The cleaning and scrubbing substrates are preferably attached, potentially reversibly attached, to one another. The point of attachment can be at any point over the surface of the wipe, as long as the scrubbing substrate(s) and cleaning substrate(s) are attached to one another. Even more preferably the cleaning and scrubbing substrates are attached to one another around the perimeter of the scrubbing and/or cleaning substrates. The substrates may be attached to one another using any commonly known method, for example using heat sealing, adhesive, ultrasonic sealing, stitching and combinations thereof. Preferably the substrates are attached to one another using heat sealing. Even more preferably the substrates are attached to one another, by a combination of heat sealing around the perimeter of the substrate and dot heat sealing, preferably in a pattern, across the surface area of the wipe. This latter method of heat sealing is described in more detail in the embodiment comprising a partially or fully water impermeable membrane. Where heat sealing is used, it is necessary that the cleaning and/or scrubbing substrate comprise thermoplastic polymers.
The bonding pattern can be chosen in order to maximize stiffness of the wipe. This applies in particular when bonding is effected by adhesive (chemical, such as epoxy resin adhesive, or other adhesive) or by ultrasound. Thermal or pressure bonding can be used if the layers to be bonded are appropriate for this. One preferred bonding pattern is application of adhesive or ultrasonic bonding across the full area of the substrates to be bonded. Generally such patterns do not take up substantially the entire area, but generally not more than 20%, preferably not more than 15%, but preferably at least 5%, of the area of the substrate is covered by bonds.
One preferred application pattern for adhesive, ultrasonic or other bonds is in the form of a number of stripes extending across the width of the substrate. Preferably the stripes are parallel. The direction can be chosen depending upon the direction in which stiffness is required. For instance, if stiffness in the machine direction (this direction being defined in relation to the manufacturing process for the substrate) is required, i.e. it is required to make folding along a line extending in the transverse direction more difficult, then the stripes preferably extend in the machine direction. Conversely, if transverse direction stiffness is required, then preferably stripes extending in the transverse direction are provided.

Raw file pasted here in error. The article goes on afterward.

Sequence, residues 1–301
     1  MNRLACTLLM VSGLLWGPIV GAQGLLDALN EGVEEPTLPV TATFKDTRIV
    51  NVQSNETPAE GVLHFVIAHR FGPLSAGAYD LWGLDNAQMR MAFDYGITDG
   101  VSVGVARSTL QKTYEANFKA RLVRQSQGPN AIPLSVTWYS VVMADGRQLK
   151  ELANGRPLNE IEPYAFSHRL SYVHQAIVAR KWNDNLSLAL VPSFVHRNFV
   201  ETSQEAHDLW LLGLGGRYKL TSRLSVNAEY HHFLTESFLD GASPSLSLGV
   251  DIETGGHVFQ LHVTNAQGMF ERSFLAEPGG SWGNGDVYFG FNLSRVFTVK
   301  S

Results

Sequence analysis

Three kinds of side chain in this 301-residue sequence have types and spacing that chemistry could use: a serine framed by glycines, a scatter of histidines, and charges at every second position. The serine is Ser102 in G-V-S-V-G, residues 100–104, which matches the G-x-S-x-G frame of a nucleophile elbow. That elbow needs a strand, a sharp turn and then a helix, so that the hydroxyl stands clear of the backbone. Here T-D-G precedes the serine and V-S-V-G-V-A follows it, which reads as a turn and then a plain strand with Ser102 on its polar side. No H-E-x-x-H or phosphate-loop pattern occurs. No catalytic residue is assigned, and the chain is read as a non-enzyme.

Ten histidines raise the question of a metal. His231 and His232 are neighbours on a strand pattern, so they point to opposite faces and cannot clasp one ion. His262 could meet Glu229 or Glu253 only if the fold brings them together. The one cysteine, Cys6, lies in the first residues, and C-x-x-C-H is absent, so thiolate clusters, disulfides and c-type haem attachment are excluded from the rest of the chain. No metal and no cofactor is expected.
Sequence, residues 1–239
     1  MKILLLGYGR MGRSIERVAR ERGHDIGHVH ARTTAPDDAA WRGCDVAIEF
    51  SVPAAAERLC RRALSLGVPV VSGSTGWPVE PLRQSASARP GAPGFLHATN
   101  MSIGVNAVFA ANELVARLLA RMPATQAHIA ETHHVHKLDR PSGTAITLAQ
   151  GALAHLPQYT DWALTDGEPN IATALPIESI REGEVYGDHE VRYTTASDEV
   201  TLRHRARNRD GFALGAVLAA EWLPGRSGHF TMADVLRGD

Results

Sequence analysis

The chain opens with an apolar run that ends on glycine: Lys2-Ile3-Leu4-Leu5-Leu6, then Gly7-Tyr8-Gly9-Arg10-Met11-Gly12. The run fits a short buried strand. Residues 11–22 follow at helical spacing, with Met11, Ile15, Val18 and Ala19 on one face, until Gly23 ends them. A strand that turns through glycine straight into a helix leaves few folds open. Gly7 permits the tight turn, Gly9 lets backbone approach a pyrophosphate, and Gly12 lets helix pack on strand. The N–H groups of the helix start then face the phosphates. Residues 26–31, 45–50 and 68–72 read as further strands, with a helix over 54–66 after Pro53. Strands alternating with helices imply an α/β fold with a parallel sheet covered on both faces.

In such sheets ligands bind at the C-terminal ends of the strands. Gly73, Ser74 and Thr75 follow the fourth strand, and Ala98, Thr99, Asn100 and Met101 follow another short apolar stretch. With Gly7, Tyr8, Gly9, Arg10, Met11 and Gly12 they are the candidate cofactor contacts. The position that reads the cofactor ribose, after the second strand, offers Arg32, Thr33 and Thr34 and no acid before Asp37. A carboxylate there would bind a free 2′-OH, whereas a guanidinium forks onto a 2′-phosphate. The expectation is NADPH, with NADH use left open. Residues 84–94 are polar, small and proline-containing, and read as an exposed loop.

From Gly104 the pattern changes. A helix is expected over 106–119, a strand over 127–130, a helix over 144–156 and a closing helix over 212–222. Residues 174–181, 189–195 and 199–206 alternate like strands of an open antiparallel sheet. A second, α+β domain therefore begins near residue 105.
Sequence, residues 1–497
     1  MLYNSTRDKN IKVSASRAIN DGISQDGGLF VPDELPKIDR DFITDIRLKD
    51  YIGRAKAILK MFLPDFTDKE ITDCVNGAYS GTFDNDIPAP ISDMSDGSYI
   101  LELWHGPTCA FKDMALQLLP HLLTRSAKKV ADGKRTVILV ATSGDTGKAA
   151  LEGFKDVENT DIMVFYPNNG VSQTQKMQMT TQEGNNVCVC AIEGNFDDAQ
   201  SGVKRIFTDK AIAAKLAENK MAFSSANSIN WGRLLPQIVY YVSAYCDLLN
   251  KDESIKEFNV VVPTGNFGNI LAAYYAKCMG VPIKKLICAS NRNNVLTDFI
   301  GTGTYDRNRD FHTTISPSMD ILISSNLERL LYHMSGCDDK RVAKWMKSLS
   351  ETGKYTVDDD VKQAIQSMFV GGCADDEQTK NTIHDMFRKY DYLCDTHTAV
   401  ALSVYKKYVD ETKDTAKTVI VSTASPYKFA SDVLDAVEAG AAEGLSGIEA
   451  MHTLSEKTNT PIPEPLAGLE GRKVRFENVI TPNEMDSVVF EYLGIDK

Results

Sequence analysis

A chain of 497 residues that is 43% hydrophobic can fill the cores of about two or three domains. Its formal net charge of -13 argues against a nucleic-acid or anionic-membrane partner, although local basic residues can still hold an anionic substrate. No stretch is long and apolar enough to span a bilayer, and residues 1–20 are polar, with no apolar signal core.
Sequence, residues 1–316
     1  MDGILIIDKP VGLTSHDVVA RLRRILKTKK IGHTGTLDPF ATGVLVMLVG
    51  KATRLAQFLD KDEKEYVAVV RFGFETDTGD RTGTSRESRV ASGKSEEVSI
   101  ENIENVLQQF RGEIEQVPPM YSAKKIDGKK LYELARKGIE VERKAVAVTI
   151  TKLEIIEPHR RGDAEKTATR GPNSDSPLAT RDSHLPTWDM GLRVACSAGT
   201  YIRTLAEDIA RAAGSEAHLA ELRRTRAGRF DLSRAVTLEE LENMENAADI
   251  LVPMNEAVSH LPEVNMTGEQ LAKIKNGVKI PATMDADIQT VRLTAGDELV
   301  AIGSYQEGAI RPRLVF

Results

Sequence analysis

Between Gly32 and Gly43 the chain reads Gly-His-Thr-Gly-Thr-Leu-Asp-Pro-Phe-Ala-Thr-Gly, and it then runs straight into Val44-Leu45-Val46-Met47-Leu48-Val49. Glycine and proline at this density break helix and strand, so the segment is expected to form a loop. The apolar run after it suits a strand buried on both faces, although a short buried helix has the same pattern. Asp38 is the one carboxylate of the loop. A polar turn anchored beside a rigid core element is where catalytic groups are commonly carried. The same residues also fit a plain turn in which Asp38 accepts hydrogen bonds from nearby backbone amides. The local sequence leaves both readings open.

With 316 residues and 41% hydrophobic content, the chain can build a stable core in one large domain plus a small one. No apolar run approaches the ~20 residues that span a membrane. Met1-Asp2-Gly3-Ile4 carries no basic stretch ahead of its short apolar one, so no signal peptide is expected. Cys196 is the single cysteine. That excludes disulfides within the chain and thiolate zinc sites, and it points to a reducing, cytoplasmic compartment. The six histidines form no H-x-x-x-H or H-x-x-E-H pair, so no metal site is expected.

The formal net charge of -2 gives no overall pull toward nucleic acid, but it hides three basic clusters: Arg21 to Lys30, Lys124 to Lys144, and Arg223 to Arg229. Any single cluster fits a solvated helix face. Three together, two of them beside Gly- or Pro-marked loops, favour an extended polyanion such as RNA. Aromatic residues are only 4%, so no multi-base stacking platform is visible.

A particularly preferred bonding pattern is one of two sets of parallel stripes at different angles, for instance in cross-hatch form. Such systems can provide the effect of introduction of a net between two layers.
The above patterns for improvement of stiffness are useful when applied to adhesive or ultrasound bonding. However, such patterns can alternatively be applied using hot melt polymer printed onto the wipe, either between substrates or on an exterior surface of one of the substrates. Such patterns can be applied using any low melting polymer which is flexible after application and drying and capable of producing a continuous film. Suitable polymers include polyethylene. Application of hot melt polymer can be for instance by screen or gravure printing. Screen printing is preferred.
Application of hot melt polymer is preferably on an exterior surface on one of the layers.
Bonding can be effected after all substrate layers intended to form the wipe have been assembled. In some embodiments, however, two or more layers can be pre-bonded prior to contacting these layers with additional layers to form the wipe.
It is also possible to enhance stiffness of the wipe by means of embossing predetermined patterns onto one or more substrates. The patterns are advantageously those discussed above in the context of bonding patterns. Embossing can be achieved by application of the desired pattern under pressure at high or low temperature. Alternatively ultrasound methods can be used for embossing.
If any substrate layer is to be embossed it is preferably subjected to embossing prior to contact with other layers intended to form the wipe.
The dishwashing wipes of the present invention, preferably have incorporated therein a dishwashing composition. The composition may be applied to the exterior surface of one of the substrates or alternatively may be applied in between the substrates, to an inside surface of one of the substrates or during manufacture of the substrates, for example by soaking the fibres in dishwashing composition.
The composition can be applied to the substrate during or after manufacture of the wipe. The composition can be applied using any application method known in the art. Suitable methods include spraying, printing, (e.g. flexographic printing), coating (e.g. gravure coating or flood coating), soaking the fibres of the substrates, extrusion whereby the composition is forced through tubes in contact with the substrate whilst the substrate passes across the tube or combinations of these application techniques. For example spraying the composition on a rotating surface such as calender roll that then transfers the composition to the surface of the substrate. The composition can be applied either to one surface of the substrate or both surfaces, preferably both surfaces. The preferred application method is extrusion coating.
The composition can also be applied uniformly or non uniformly to the surfaces of the substrate. By non uniform it is meant that for example the amount and pattern of distribution of the composition can vary over the surface of the substrate. For example some of the surface of the substrate can have greater or lesser amounts of composition, including portions of the surface that do not have any composition on it. Preferably however the composition is uniformly applied to the surfaces of the wipes.